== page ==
Serotonergic modulation of intrinsic functional connectivity.
Schaefer A., Burmann I., Regenthal R., Arélin K., Barth C., Pampel A., Villringer A., Margulies DS., Sacher J.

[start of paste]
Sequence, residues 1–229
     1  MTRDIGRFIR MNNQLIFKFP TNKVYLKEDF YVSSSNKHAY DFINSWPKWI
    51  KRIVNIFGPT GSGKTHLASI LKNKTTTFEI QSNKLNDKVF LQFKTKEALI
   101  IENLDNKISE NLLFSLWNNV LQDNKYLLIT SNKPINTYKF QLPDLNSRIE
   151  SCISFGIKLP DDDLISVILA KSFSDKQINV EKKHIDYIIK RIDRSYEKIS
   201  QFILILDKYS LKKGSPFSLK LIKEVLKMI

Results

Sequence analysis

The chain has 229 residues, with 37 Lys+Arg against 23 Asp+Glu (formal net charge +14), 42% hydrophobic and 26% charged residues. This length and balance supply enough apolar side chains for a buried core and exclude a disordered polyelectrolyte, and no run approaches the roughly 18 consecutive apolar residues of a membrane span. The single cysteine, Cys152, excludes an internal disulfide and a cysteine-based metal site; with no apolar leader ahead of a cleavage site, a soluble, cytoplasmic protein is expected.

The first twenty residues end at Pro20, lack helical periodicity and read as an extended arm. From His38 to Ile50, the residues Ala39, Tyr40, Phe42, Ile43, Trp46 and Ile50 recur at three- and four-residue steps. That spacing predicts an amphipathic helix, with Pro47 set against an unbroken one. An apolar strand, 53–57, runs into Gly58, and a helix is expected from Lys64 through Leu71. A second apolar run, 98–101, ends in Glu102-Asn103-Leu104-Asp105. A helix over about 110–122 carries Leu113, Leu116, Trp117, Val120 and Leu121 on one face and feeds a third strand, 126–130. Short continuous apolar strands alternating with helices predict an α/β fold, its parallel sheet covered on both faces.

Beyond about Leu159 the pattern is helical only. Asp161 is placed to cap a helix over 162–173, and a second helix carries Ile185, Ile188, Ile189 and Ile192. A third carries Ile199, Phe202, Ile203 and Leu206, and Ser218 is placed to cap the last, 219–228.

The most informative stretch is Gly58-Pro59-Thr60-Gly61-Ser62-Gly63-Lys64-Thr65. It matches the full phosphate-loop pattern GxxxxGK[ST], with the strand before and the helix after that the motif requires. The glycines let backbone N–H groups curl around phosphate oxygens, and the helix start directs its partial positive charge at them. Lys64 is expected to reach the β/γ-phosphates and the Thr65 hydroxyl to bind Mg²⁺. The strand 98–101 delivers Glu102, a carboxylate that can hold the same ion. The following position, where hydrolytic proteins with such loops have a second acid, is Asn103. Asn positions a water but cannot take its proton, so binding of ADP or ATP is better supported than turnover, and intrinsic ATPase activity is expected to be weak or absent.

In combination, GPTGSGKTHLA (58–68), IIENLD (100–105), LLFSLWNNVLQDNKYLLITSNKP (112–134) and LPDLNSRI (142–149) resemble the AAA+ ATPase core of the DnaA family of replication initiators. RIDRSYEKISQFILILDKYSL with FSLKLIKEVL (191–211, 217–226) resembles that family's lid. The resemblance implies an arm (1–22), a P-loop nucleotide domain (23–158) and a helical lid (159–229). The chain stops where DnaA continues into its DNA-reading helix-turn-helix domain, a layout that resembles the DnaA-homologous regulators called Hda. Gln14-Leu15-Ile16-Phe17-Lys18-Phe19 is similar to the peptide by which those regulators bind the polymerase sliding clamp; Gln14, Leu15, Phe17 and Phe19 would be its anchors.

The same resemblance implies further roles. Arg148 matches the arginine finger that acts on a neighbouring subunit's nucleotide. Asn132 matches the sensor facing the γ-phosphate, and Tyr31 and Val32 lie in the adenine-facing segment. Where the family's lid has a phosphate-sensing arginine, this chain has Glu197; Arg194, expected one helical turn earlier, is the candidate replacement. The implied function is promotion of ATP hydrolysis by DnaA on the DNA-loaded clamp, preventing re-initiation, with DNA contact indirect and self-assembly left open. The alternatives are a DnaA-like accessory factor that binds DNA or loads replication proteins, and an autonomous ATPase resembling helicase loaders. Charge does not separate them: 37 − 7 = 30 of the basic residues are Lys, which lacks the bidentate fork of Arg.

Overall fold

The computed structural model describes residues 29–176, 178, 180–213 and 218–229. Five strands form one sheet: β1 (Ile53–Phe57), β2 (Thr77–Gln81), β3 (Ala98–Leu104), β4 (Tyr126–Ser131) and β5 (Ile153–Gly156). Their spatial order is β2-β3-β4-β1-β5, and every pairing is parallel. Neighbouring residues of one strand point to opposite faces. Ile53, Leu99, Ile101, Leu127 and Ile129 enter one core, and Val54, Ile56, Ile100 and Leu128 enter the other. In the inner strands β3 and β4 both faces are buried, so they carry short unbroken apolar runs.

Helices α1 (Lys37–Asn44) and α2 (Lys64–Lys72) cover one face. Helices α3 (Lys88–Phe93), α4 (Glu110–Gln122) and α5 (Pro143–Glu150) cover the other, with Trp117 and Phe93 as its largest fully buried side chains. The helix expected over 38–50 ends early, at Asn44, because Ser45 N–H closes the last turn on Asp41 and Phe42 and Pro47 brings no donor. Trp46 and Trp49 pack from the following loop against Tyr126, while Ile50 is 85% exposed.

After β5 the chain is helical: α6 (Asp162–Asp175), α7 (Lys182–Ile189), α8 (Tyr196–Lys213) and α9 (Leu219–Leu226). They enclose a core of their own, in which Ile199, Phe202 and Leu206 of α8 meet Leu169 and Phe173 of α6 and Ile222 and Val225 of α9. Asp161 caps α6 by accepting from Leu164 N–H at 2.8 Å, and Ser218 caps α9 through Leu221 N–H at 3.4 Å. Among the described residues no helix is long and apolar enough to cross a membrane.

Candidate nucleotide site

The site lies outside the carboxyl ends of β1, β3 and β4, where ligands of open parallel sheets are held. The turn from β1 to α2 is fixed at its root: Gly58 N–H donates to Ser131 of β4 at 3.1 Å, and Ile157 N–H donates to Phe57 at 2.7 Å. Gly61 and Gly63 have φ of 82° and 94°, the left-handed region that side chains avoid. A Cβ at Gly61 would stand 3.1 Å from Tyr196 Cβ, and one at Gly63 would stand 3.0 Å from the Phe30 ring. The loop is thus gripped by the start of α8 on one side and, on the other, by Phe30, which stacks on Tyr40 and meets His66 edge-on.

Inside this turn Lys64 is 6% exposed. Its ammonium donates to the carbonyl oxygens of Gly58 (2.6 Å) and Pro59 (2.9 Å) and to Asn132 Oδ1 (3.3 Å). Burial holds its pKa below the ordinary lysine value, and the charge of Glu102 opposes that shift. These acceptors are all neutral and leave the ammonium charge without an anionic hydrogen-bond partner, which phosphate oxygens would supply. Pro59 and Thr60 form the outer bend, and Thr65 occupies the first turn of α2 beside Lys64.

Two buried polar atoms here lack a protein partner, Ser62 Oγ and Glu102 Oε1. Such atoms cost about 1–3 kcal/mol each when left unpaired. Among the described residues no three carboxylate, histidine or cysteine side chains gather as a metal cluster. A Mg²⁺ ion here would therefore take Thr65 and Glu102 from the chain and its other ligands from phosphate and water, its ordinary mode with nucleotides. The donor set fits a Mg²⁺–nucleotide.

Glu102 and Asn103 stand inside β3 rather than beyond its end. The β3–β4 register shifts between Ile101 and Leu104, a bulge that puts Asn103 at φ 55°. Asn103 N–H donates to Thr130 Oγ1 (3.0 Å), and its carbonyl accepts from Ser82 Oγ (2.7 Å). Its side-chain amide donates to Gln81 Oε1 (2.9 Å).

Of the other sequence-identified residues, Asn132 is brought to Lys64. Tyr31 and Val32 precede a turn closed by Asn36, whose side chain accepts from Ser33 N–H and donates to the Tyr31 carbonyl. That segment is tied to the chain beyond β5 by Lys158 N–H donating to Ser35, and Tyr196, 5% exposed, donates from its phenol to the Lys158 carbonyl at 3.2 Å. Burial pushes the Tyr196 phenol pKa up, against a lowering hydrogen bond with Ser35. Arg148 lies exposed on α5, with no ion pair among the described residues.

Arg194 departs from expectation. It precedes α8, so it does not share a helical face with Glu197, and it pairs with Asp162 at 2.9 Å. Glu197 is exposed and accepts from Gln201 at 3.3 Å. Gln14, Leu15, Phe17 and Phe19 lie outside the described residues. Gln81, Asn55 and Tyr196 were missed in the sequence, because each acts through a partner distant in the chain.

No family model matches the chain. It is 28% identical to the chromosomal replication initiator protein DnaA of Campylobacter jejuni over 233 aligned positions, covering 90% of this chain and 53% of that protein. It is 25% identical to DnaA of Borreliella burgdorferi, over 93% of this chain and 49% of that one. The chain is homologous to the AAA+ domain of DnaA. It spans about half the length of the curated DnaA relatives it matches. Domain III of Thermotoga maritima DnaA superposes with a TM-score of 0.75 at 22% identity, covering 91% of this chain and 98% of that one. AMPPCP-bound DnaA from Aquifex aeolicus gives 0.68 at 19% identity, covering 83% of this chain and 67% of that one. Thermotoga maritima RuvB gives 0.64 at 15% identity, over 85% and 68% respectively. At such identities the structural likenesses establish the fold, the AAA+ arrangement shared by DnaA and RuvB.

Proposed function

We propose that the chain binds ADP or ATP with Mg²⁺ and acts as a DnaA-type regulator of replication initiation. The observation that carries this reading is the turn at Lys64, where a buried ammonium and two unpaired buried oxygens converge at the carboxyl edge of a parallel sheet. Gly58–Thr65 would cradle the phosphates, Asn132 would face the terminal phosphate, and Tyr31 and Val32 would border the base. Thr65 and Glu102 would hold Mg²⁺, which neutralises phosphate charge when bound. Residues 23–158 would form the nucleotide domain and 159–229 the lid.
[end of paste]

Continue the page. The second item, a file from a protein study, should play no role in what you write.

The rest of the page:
Serotonin functions as an essential neuromodulator that serves a multitude of roles, most prominently balancing mood. Serotonergic challenge has been observed to reduce intrinsic functional connectivity in brain regions implicated in mood regulation. However, the full scope of serotonergic action on functional connectivity in the human brain has not been explored. Here, we show evidence that a single dose of a serotonin reuptake inhibitor dramatically alters functional connectivity throughout the whole brain in healthy subjects (n = 22). Our network-centrality analysis reveals a widespread decrease in connectivity in most cortical and subcortical areas. In the cerebellum and thalamus, however, we find localized increases. These rapid and brain-encompassing connectivity changes linked to acute serotonin transporter blockade suggest a key role for the serotonin transporter in the modulation of the functional macroscale connectome.